In April, I wrote a blog post, “Domain Names Have Become True Commodities”. It’s now June and the market for Domain names is still rising in prices. It’s much like the housing market two years ago, not quite as hot and profitable yet, but there are a lot of people making serious money from domain names.

Duncan Reily of TechCrunch reports on the domain name market in his post, “Domain Sellers Party Like Its 1999”. The last time domain names were this hot was 1999-2000. It is now 2007 and the market is back.

The announcement of chúng tôi on sale in the market has sparked major interest in not only web business aspect, but also the domain itself which I believe is a big part of its price tag estimated at around $300-$400 million dollars.

Reily reports, “Last week some $10million changed hands at auction for domain sales, with 16 domains being sold for 6 figures. Free Credit chúng tôi & Credit chúng tôi sold together for $3million, although as the DomainTools Blog points outYour browser may not support display of this image. this was at a relatively low multiple of around 7x yearly earnings. chúng tôi sold for $1.8 million and even chúng tôi raised $135,000. The exuberance in the market even extends to the spam infested .info domain, with chúng tôi selling for $17,000.”

Many people who don’t follow the domain market, which is much like a real estate type of market, are wondering if they should hold on or sale their domains. “Ultimately it’s up to the market to decide the value of anything; however the domain sales market appears to be outperforming the established site marketplace,” reports Riley. Personally, I would put any domain you may have of value in the market now and see what the market would estimate it at.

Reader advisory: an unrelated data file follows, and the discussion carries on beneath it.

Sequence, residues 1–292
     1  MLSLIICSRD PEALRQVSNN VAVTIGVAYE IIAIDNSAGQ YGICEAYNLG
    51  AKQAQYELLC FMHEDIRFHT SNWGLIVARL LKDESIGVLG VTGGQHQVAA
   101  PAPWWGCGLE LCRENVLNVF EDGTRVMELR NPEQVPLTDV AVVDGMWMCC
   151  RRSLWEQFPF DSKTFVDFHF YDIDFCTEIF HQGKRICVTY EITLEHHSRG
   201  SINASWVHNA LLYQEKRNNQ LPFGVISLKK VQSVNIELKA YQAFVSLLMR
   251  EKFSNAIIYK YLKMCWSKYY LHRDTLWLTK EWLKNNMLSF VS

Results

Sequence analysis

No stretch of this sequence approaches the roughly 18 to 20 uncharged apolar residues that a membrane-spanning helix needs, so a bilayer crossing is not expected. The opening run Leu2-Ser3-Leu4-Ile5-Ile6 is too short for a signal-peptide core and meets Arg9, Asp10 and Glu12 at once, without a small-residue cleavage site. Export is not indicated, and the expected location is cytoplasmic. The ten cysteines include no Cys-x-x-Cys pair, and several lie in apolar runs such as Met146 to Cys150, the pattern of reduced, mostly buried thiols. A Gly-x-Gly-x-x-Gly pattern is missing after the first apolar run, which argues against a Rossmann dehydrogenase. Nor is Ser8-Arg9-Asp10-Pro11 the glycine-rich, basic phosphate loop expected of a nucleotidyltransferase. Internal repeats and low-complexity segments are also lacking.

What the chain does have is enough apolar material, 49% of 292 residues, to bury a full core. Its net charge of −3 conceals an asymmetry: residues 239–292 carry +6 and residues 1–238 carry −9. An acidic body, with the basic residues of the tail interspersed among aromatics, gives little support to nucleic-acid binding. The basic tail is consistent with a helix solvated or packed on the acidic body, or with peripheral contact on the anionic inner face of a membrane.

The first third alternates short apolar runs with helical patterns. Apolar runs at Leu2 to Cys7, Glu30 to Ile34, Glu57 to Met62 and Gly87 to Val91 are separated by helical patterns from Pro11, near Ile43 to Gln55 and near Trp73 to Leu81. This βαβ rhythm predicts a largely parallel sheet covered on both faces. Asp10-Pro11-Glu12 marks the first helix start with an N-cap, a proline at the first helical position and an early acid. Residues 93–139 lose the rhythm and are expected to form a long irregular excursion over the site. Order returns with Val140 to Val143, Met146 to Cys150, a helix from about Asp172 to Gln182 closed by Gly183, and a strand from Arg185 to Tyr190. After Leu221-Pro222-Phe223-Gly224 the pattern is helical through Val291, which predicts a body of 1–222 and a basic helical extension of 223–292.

Over $10M worth of domains sold in Moniker’s Live Auction last week in New York. Here is a list of some: $17,000 $18,000

Why The Iphone Will Never Be Free

Why the iPhone will never be free

Back in August of 2011, I wrote an article entitled Why the iPhone 4S will be Free. As it turned out, the iPhone 4S was not “free” until the release of the iPhone 5s. The iPhone 5S is “free” right now here in 2014, if you close your eyes and pretend you’re not paying for it in your monthly bill to your mobile provider. The concept I spoke of back in 2011 is dead, now, and I no longer consider said concept to be a possibility for Apple.

This week there’s a rumor that the iPhone 6 might be “free” upon release. Don’t trust anyone who suggests they’ve got some inside word on how Apple will deliver the iPhone 6 in an entirely non-traditional way with wireless carriers.

Tradition will hold. If the iPhone 6 is offered for “free,” it will be done in a way that’s very, very similar to the company’s lowest-tier iPhone in any given set of three. At the moment the three iPhone models available to the public through Apple are the iPhone 5s, iPhone 5c, and iPhone 4S. These three iPhones have pricing tiers which will be basis for the release of the next iPhone or iPhones.

The reason I use quotes around the word “free” for the iPhone 4S is that customers still be pay “full price” for said iPhone with their mobile data carrier. The price is tied in to the monthly bill they pay for services, even if they can’t see it separated from the rest of the cost markers.

T-Mobile USA has tried to clarify this mysterious mode of business – to a certain degree – in the recent past. T-Mobile’s most recent model for smartphone sales show potential users exactly what they’re paying for their phone in the long and short-term.

If T-Mobile USA doesn’t offer a free iPhone off-contract, there’s no such thing as a free iPhone. T-Mobile USA does not and likely will not offer a free iPhone any time soon.

Motorola is making a big effort to kick the cost of a new phone down to the bare minimum with the Moto G and Moto E. Given the iPhone’s speed of evolution away from its origin, a free Apple-made smartphone might never exist.